Keep your eyes peeled for April’s Anemones!

January’s Jellyfish

Hello and Happy New Year to you all!

January’s jellyfish! For this month’s post I am going to tell you about two species of the jellyfish found around the seas from the HMS Challenger expedition. They are named differently now but after a bit of research we found out what their current names/species are.

Carybdea murrayana

Carybdea murrayana

Let’s start with the genus Carybdea – the jellyfish belonging to this genus are known as box jellyfish – you don’t want to mess with these! They are highly venomous and their sting attacks the heart and nervous system, which can instantly kill prey. These jellyfish have tentacles from each corner of their bell, each one with about 5000 stinging cells.

 

Carybdea murrayana

Carybdea murrayana

The two females found by the Challenger (Charybdea murrayana, now Carybdea murrayana) were found on April 9th 1876 at station 348, off the West Coast of Africa, not far from Sierra Leone. An interesting fact about box jellyfish is that they have ‘true’ eyes (as well as simple eyes). The simple eyes just detect light but the ‘true’ eyes have a retina, lense and cornea. It has been shown that these are used to help navigate by looking upwards to the mangrove canopies. This is where they usually feed and by detecting the canopies they stay underneath them to ensure they don’t stray too far from home. If cover is removed, they have no sense of orientation.

Carybdea murrayana

Ptchogastria polaris

Next up we have the genus Ptychogastria. These don’t have a common name and only one of these jellyfish was found on the expedition. These attractive jellyfish are from the order Trachymedusae. A lot of jellyfish have two body forms – polyp (stationary) and medusa (free-swimming). However, this order of jellyfish just grows in to the medusa stage. Although they grow only into the free-swimming form, they have suckers to attach themselves to rocks, waiting for prey to pass so they can reach out their tentacles to capture them. So they don’t swim that much after all! The one Ptychogastria jellyfish found was from station 50 – on the 21st May 1873 near Halifax, off the east of Canada. It was then identified as Pectyllis arctica but has since been updated to Ptychogastria polaris.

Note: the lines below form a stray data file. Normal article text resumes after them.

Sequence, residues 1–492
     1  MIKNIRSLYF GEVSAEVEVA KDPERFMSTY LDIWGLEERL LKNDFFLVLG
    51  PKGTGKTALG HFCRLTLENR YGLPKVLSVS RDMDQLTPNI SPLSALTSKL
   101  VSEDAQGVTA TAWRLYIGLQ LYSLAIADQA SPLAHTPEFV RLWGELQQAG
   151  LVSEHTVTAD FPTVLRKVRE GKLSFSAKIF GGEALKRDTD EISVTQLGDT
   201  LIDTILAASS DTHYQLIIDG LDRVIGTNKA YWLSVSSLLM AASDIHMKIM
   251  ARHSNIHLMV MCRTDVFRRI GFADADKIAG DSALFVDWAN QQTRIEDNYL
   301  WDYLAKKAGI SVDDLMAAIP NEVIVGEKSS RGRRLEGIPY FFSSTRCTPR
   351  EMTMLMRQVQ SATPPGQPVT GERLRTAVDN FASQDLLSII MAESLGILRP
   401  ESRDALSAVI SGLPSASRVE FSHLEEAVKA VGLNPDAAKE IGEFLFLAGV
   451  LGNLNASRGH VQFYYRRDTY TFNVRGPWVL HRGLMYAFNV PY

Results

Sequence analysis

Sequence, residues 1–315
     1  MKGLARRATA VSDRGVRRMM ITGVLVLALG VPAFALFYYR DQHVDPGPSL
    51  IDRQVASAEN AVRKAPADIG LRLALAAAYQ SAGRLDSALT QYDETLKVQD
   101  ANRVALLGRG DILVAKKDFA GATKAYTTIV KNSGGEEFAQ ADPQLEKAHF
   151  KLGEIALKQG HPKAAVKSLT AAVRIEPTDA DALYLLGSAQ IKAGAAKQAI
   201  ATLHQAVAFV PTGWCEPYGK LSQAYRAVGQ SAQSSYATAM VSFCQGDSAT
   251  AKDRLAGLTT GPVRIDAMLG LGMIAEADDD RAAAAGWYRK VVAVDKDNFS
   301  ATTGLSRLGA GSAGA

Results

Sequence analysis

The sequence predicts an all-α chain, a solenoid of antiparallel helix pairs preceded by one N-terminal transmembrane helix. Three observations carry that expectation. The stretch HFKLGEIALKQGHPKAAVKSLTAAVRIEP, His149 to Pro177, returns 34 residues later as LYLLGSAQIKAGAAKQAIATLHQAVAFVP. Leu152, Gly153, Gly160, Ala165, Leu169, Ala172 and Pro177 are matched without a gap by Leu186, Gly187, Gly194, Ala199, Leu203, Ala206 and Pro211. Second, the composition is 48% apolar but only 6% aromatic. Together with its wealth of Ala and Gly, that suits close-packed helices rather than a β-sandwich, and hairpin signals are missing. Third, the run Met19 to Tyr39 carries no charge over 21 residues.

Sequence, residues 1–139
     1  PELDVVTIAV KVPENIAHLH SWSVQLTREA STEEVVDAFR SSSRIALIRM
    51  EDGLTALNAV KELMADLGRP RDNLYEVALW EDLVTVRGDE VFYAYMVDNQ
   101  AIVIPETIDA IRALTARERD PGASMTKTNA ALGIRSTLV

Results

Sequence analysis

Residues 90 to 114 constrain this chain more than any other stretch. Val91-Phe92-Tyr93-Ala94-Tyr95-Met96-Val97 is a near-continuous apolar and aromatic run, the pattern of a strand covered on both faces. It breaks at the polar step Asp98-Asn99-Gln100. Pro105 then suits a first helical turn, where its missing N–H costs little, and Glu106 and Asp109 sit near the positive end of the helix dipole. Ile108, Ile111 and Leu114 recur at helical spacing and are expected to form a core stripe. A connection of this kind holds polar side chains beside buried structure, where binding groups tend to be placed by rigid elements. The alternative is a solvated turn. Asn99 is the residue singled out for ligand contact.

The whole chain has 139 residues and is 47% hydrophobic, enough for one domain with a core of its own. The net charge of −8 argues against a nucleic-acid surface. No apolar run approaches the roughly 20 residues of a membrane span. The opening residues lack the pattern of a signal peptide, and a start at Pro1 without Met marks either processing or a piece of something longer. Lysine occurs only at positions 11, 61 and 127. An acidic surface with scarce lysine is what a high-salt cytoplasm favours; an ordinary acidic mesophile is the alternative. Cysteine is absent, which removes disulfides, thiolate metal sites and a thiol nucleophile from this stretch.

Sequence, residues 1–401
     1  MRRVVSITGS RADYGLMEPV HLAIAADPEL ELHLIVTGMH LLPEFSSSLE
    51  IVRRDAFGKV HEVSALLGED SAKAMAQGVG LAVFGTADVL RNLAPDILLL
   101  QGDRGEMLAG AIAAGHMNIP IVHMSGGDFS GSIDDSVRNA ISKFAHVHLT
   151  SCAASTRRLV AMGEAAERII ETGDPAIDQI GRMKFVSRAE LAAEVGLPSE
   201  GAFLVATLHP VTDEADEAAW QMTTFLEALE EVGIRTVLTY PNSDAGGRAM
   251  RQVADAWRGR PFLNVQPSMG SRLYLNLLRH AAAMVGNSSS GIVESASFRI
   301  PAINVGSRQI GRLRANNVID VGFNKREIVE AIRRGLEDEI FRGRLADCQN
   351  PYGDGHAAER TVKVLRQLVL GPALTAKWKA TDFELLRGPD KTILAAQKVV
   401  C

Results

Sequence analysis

Carybdea murrayana

Ptychogastria polaris

Thanks for reading and see you next month!

The Sladen collection from HMS Challenger

The Percy Sladen Collection

Here at the Royal Albert Memorial Museum we are lucky enough to have the Percy Sladen collection, part of which was collected on the HMS Challenger throughout the exhibition. Percy Sladen was a scientist born on 30th June 1849 who grew a good reputation as a biologist.

Percy Sladen portrait

He was presented the starfish material to identify after the exhibition was over. He was the only person Thomson and Carpenter (who led the expedition) could find that would be capable of managing to analyse the starfish. The ship had covered about 70,000 nautical miles and over the 354 stations sampled the crew had collected a lot of starfish! Sladen travelled all around Europe to speak to and gain connections with specialists that could help him a long the way. It is said that his hard work and dedication to the project could have been linked to his early death. He died in 1903 and his wife gave the whole collection to RAMM to make sure it was kept together.

Parts of the Percy Sladen Collection from the HMS Challenger

Take a look at a few of the pieces he studied…

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The picture on the left shows a small starfish whose latin name is ‘Lophaster stellans’. This little star doesn’t seem to have a common name. As you can see, the starfish was found south of Wellington island (off of Chile). We also know that is was found on ‘blue mud’. As far as we know, blue mud is so called because of the blue colour caused by organic material and iron sulphide. It is made up of silt and clay. Another thing to notice on the label is that it is from station 308 so we know that it was found in January 1876.

The picture on the right shows a couple of starfish – a different species ‘Chaetaster longpipes’. These were found off Bermuda at station 36 on some coral- so a few years earlier in April 1873.

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Another starfish from Sladen’s collection

All the collection is catalogued – he had a lot of specimens that aren’t Challenger specimens too. We are in the process of putting the Challenger data in to a suitable format for our new database. I just realised I haven’t updated you on that yet! We are speaking to museums around the country and also abroad at the moment to talk to them about the project. We are slowly getting our data and data from the Natural History Museum together. We are using this to create fields for the database and to start designing the website. Once we have a secure design and the initial data is uploaded and tested, we will be moving on to further museums to add their collections.

For anyone that has clicked on this post and is not aware of what the project is about, click here!

Speak to you all soon!